Sonication for Enhanced Diagnosis of Prosthetic Joint Infection.

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Authors: Hartman CW, Kildow BJ, Antoniak D, Konigsberg BS, Garvin KL, Hewlett AL.
University of Nebraska Medical Center,Omaha, NE

Title: Sonication for Enhanced Diagnosis of Prosthetic Joint Infection.

Background: Culture negative prosthetic joint infections (PJI) present a therapeutic dilemma, and recent efforts have focused on improving the sensitivity of periprosthetic cultures.  Sonication has been shown to enhance the yield of standard clinical cultures in patients with prosthetic joint infection, but this has not been consistently validated.

Hypothesis/Purpose: Does the addition of sonication contribute to the yield of standard clinical cultures in patients with PJI?

Methods: A prospective study was performed on patients undergoing revision arthroplasty of the hip and knee.  The explanted prostheses were subjected to the sonication procedure in addition to routine cultures performed in the clinical microbiology laboratory.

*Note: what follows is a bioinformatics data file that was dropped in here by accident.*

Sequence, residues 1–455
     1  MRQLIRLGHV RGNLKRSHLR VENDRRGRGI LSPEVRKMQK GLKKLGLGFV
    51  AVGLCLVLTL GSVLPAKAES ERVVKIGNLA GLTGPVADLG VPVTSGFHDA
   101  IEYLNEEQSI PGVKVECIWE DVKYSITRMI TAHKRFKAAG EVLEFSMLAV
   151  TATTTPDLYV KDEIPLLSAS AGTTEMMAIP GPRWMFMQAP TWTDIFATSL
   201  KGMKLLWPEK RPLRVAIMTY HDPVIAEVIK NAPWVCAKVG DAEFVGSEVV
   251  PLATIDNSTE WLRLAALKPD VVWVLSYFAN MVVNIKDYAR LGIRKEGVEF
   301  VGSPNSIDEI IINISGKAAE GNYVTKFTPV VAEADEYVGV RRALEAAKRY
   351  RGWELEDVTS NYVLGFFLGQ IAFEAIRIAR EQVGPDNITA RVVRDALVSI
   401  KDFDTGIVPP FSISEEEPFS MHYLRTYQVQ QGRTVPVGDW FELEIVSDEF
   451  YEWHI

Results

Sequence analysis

Results: A total of 201 patients undergoing revision or resection arthroplasty participated in the study.  Of these, 53 patients met MSIS Work Group criteria for PJI.  The sensitivity and specificity of standard cultures performed in the clinical microbiology laboratory were 77.4 and 93.2, respectively.  The sensitivity and specificity of sonicate fluid cultures were 77.4 and 90.5, respectively.    Three cases of PJI were detected by the sonicate fluid cultures but not by the clinical microbiology laboratory. 

Discussion: Our study did not demonstrate an improved sensitivity of sonication cultures compared to conventional periprosthetic tissue cultures.  Enhanced microbiologic techniques (utilization of pediatric blood culture bottles and prolonged incubation times) may contribute to the improved yield of cultures performed in the clinical microbiology laboratory.

Conclusion: Our data do not support the additional expense and effort needed to perform the sonication culture procedure.